Ivan Sen’s new film Mystery Road is set somewhere in the unlovely, unromantic outback, where the car numberplates have no identifying state initials – this is the lost Australia of neglect, disadvantage and wasteful lethargy.
Son of a stockman, detective Jay Swan (Aaron Pedersen) returns to his unnamed hometown, where the body of an Indigenous teenage girl has been found out where the big rigs rumble through the desert – her throat slit.
The sergeant at the local police station (Tony Barry) is apathetic, prepared to take only the most rudimentary investigative measures. But a story that might follow the familiar lines established by In The Heat Of The Night[ (1967) veers away from the classic (and now standard) Poitier versus Steiger racial dichotomy and instead takes us with Jay as he navigates a divided cultural landscape as an unwelcome outsider.
To his dismay, he discovers that his own daughter, Crystal, living with Jay’s ex (Tasma Walton), was a close friend of the murdered girl and that she, in all likelihood, was moving in the same shadowy, drug-numbed world.
Other coppers are most likely bent, with Hugo Weaving’s shady detective running his own race. The Baileys (David Field and Ryan Kwanten) own the big cattle station and are hostile redneck roo-shooters.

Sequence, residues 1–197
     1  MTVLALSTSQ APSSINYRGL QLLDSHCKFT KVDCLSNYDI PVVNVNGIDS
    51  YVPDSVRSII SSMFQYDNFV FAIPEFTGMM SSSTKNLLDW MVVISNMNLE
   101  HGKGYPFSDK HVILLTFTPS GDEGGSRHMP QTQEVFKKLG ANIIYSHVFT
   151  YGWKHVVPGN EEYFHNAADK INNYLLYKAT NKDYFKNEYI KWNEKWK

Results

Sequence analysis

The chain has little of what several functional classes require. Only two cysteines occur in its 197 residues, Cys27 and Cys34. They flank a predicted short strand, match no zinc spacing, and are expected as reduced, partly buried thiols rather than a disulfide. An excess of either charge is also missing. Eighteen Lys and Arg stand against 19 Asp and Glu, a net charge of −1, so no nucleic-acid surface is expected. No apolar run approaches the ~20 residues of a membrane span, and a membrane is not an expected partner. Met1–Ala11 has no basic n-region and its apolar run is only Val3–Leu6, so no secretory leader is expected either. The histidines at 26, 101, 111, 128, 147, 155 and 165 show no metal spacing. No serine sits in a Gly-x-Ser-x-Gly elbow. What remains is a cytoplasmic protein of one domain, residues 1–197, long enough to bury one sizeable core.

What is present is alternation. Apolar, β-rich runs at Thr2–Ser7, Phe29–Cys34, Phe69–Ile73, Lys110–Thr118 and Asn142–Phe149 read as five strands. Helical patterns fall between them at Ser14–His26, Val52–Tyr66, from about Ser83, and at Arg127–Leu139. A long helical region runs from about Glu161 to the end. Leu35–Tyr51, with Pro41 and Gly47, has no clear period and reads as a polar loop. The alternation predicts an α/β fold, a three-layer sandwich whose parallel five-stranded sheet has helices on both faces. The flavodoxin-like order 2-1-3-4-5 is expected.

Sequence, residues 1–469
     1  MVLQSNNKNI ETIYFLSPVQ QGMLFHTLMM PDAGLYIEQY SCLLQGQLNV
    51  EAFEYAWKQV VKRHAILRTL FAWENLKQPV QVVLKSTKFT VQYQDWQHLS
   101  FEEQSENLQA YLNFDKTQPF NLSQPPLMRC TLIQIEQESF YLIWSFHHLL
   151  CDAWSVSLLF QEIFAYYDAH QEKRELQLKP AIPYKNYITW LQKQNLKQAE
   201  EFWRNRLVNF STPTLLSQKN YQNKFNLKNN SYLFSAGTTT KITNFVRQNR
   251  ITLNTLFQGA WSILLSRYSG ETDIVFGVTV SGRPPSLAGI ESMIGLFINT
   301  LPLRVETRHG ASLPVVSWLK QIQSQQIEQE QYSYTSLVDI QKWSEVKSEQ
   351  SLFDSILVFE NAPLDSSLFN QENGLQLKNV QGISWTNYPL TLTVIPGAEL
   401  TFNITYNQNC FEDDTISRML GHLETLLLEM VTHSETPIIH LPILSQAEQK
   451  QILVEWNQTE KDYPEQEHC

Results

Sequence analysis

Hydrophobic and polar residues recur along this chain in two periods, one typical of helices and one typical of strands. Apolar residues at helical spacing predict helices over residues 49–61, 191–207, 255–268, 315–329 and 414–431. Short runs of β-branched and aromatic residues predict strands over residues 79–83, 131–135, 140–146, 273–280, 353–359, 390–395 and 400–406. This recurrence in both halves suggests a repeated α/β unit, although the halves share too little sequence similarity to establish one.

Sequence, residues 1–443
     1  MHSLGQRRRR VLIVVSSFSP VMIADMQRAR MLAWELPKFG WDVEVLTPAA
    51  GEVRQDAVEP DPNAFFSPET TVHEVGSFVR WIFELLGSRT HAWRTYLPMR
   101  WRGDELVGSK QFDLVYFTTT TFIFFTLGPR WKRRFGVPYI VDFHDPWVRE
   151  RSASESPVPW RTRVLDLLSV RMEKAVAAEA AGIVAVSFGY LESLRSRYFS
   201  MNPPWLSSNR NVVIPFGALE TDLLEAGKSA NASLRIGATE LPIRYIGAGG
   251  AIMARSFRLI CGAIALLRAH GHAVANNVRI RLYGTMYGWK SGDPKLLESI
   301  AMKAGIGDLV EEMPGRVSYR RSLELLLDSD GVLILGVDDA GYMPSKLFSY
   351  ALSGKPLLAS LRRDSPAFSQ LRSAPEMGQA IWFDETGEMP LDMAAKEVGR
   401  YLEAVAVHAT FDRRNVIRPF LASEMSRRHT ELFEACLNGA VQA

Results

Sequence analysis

Sen films it without any affectation – but for some beautiful aerial shots, the camera is stationary at all times, getting in tight for numerous character close-ups, and is never hand held, while music is kept to a bare minimum, allowing the soundscape to contribute enormously to the atmospherics (as it should more often).
Performances are excellent – Pedersen is especially good as a man becoming exposed to unpalatable truths.
Perhaps in keeping with the title, the script is only partially failed by a lack of cohesion – or binding glue – that results in its many disparate components never quite falling into one piece.
Ultimately, there is some crucial information not imparted, because probably of an imprecise edit – Sen might have been advised to not attempt absolutely everything himself.
~ John Campbell